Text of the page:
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We all waste a lot of time. It’s hard not to — we work too hard, we’re tired, and sometimes

We all waste a lot of time. It’s hard not to — we work too hard, we’re tired, and sometimes our minds wander and we get distracted.

But, according to powerful figures like Bill Gates and Warren Buffett, the secret to success is to channel our energy toward the most productive past times and hobbies and stopping activities “with low returns” – the more time we waste, the less time we have for what really matters.

As Warren Buffett famously said, “It’s the only thing you can’t buy. I mean, I can buy anything I want, basically, but I can’t buy time.”

2009 study from the University of Adelaide’s School of Psychology found that people are “far less willing to keep many options open” when some have bigger rewards than others. And that’s an important message.  Look at Bill Gates and Warren Buffett – they have learned to give up some activities to focus on the ones that are more rewarding.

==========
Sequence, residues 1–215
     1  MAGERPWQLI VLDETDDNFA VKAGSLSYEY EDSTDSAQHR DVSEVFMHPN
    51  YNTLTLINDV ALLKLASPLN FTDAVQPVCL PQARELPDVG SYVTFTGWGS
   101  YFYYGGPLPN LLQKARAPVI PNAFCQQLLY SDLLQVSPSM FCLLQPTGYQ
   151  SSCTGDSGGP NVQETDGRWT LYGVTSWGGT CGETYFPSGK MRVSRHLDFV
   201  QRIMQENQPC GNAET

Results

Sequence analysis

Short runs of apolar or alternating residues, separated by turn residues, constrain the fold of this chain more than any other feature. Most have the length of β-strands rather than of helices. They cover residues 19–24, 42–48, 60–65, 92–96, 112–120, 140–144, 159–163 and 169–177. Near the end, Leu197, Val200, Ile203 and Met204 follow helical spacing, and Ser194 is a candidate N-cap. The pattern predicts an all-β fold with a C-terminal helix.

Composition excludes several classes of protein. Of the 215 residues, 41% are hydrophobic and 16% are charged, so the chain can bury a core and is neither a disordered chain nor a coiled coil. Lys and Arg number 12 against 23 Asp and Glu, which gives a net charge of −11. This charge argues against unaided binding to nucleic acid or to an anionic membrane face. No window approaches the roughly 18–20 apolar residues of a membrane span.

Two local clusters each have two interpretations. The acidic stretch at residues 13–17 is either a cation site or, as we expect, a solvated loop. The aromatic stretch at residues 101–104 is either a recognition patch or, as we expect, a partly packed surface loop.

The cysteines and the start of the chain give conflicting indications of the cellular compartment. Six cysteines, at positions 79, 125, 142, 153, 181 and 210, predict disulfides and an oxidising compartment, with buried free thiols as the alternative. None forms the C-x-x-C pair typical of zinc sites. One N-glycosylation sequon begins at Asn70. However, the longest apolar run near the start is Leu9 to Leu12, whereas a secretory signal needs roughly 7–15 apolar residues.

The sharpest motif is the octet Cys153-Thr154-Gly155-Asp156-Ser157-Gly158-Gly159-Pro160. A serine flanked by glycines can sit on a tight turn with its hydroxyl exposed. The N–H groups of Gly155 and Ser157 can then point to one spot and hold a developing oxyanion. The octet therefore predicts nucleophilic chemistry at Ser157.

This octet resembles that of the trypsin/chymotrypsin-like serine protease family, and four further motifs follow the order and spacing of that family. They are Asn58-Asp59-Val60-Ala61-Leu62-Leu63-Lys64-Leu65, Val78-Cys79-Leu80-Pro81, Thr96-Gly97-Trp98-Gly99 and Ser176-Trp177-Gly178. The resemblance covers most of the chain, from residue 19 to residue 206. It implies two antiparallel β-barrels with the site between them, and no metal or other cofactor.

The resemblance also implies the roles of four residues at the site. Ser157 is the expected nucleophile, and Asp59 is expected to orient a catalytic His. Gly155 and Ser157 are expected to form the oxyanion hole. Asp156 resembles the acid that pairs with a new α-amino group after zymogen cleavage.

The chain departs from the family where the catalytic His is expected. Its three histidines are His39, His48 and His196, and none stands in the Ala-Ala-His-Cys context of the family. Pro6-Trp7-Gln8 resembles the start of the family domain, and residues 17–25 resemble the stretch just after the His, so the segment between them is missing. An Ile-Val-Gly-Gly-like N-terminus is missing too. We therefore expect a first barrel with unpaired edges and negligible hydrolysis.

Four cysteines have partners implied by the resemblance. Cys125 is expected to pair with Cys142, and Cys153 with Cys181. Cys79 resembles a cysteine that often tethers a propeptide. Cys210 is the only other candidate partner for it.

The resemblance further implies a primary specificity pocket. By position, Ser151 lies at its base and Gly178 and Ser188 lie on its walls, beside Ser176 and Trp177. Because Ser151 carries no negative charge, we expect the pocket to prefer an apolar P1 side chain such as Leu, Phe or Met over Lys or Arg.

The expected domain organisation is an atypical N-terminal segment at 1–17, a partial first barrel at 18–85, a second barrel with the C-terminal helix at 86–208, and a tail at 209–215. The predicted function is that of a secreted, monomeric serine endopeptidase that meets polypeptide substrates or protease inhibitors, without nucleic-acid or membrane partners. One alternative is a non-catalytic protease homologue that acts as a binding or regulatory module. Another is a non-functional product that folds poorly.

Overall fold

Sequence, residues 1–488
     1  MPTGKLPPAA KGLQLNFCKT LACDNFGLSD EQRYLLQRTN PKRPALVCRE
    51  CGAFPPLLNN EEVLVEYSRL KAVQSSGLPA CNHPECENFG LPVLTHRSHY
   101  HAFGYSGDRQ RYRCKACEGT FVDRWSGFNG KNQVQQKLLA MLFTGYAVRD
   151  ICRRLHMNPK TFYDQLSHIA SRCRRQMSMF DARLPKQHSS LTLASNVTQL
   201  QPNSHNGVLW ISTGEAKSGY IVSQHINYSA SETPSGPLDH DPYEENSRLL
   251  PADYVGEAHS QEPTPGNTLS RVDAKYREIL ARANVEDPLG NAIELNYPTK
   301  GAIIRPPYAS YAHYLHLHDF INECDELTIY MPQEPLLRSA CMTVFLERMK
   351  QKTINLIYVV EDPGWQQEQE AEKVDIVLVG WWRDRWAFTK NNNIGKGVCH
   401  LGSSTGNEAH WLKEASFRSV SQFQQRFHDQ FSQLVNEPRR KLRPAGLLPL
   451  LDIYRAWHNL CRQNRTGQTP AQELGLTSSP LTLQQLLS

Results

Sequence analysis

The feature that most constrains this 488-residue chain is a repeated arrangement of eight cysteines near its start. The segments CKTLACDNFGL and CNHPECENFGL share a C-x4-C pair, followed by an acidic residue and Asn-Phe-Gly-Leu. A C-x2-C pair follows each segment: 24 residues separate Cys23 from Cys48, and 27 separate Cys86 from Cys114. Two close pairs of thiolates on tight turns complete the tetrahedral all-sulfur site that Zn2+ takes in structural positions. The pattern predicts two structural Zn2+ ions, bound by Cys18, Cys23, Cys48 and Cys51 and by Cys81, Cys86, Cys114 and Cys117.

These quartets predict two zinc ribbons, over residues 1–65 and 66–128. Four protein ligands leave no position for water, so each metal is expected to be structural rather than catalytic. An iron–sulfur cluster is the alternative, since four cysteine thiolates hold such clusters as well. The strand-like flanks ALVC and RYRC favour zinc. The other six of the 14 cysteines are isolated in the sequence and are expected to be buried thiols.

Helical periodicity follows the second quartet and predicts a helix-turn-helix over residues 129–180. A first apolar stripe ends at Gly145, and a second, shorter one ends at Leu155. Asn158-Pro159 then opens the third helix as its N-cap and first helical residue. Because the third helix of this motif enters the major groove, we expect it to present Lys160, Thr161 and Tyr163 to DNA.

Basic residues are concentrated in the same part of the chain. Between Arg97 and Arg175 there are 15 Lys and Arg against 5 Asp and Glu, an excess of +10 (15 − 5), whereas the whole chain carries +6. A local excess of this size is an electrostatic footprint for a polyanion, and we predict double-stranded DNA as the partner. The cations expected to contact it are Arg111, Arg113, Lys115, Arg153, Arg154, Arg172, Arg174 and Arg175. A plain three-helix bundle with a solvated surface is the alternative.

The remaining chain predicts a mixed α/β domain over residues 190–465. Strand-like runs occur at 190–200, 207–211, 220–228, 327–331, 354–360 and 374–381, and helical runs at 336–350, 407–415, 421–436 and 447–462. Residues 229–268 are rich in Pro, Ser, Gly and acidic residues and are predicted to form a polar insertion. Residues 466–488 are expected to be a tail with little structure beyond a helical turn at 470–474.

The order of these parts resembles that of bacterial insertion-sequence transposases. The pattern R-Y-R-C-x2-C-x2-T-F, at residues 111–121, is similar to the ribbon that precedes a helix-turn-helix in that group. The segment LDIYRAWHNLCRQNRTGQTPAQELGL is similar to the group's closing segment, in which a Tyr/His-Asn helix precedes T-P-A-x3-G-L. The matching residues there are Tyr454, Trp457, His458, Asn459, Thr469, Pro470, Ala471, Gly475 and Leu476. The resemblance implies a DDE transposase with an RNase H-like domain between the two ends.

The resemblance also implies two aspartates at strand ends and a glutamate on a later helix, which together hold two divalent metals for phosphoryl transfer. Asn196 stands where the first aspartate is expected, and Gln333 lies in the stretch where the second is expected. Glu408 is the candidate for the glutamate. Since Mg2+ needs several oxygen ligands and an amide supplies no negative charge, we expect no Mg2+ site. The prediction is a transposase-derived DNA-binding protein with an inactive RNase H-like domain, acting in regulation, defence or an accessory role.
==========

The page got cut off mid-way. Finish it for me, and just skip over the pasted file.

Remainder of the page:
“I stopped listening to music and watching TV in my 20s. It sounds extreme, but I did it because I thought they would just distract me from thinking about software,” the billionaire wrote in a blog post

Buffett  does not like distractions either, in fact, he doesn’t even have a computer in his office! By using a flip phone, he limits internet distractions. We don’t’ quite want to go THERE though…

Ultimately it’s not about being all work and no play, being productive can be fun, it just shouldn’t waste time or distract from your goals. For example Buffett likes to play bridge. “It’s got to be the best intellectual exercise out there,” he claims. “You’re seeing new situations every ten minutes. Bridge is about weighing gain-loss ratios. You’re doing calculations all the time.”

In the end, it’s all about moderation and knowing that the more time you spend on what doesn’t matter, the less time you will have for what does. Plan accordingly.